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The Blackstone's Guide Series delivers concise and accessible books covering the latest legislative changes and amendments.
Published soon after enactment, they offer expert commentary by leading names on the scope, extent and effects of the legislation, plus a full copy of the Act itself. They offer a cost-effective solution to key information needs and are the perfect companion for any practitioner needing to get up to speed with the latest changes.
The Blackstone's Guide to the Human Rights Act 1998 provides clear, concise coverage of the operation and application of the Human Rights Act 1998, discussing the successes and failures of the Act and the debate surrounding its possible eventual replacement with a Bill of Rights.
The Guide assesses the case law of the European Court and analyses the impact of Convention rights in landmark domestic judgements across a wide range of areas, including terrorism, privacy, discrimination, and criminal law. It explains the interpretive techniques employed by the courts to read legislation compatibly with Convention rights, and maps the UK and Strasbourg courts' divergence in approach to certain areas of human rights protection. It also highlights the aspects of the Act that the courts have not yet clarified.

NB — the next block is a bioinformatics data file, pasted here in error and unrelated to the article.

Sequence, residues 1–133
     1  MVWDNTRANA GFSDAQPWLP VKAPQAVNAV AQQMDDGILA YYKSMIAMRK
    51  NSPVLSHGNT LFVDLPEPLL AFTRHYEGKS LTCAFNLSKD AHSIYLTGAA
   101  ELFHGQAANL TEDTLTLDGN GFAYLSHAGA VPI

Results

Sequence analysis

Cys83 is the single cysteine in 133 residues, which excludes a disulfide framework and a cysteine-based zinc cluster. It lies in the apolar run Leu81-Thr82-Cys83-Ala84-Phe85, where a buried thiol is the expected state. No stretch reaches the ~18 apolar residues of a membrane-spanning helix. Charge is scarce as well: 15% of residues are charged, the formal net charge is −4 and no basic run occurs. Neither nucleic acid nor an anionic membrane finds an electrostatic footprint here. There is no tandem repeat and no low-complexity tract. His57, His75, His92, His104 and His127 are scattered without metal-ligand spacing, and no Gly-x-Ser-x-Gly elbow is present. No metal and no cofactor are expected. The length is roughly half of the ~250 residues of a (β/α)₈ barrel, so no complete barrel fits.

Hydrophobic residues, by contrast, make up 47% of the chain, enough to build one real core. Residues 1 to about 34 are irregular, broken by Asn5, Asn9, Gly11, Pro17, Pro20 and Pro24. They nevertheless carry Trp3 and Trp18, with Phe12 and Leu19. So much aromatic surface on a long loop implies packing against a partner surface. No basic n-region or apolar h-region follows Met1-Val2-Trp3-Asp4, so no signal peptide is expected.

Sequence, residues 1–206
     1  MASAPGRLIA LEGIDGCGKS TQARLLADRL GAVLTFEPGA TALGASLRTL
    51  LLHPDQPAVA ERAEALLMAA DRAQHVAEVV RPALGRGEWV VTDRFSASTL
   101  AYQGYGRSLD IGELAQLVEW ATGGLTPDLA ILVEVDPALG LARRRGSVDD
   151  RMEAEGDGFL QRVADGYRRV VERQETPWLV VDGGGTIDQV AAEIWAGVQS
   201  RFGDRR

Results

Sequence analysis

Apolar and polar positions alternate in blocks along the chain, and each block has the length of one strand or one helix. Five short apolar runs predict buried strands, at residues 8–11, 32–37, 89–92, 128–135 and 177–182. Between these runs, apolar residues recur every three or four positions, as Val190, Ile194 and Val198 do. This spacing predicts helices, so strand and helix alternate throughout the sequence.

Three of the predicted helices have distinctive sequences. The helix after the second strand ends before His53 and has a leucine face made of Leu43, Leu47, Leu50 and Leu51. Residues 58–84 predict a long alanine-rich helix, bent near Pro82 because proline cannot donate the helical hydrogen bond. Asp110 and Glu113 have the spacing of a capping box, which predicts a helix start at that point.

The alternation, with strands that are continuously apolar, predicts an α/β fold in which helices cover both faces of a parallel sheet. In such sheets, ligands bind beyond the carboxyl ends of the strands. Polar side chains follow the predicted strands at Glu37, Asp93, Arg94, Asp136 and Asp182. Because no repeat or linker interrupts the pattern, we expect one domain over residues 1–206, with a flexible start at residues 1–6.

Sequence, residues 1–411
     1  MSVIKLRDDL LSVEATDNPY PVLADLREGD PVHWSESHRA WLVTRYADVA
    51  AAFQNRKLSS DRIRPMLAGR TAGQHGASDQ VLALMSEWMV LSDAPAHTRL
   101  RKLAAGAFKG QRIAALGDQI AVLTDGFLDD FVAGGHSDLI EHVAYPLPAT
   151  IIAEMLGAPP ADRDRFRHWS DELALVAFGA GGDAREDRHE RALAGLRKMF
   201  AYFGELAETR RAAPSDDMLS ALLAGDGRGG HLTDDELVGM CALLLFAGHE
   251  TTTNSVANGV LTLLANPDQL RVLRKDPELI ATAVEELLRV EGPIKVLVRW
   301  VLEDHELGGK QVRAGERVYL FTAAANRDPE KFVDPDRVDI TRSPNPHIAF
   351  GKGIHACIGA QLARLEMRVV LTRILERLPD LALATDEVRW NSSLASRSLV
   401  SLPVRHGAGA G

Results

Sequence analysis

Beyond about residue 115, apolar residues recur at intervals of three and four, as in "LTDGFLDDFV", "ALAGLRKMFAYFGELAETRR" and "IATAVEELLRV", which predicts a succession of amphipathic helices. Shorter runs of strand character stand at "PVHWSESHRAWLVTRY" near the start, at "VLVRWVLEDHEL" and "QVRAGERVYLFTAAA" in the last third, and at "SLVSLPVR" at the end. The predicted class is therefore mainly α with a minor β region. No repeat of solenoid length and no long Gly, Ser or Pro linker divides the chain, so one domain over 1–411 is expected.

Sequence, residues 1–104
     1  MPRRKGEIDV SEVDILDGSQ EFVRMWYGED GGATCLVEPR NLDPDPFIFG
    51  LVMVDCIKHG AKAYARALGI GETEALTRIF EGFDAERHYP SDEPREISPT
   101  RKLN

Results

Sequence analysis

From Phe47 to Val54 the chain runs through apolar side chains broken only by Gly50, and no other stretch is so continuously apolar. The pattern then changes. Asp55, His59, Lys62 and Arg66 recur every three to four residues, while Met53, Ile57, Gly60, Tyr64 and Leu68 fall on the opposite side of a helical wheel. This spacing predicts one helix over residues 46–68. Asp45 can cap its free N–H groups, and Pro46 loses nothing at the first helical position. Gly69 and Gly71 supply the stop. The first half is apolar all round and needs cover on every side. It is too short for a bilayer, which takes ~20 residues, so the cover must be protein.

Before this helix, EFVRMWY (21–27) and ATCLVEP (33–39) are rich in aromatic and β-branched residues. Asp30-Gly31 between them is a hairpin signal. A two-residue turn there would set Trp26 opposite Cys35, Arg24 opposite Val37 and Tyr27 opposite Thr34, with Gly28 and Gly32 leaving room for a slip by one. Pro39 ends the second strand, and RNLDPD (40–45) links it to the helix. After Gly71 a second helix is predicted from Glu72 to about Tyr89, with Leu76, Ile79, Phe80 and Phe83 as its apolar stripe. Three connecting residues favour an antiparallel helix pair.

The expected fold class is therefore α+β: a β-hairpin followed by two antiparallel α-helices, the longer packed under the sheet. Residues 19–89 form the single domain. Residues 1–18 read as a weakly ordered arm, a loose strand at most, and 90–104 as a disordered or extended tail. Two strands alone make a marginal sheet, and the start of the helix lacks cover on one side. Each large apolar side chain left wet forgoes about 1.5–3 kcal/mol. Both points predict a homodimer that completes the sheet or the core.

The new edition of this popular Guide considers all relevant developments since the publication of the previous edition, including the government's proposals on a Commission for a Bill of Rights and possible changes to the Human Rights Act, and the developing contradictions between the jurisprudence of the European Court of Human Rights and domestic authorities.
It also covers the Strasbourg procedures, implementation of Protocol 14 on improving the efficiency of the European Court, as well as the possible implementation of further rights. It explains the relationship between the European Convention and the new EU Charter of Fundamental Rights and includes coverage of all significant cases in the European Court, Court of Appeal, and Supreme Court, including in the areas of privacy (MGN v UK), extradition (Norris v United States of America), criminal law (R v Horncastle), voting rights (Greens v UK), and housing (Manchester City Council v Watts).
The book contains a copy of the Human Rights Act 1998 as amended, and the European Convention for the Protection of Fundamental Rights and Freedoms.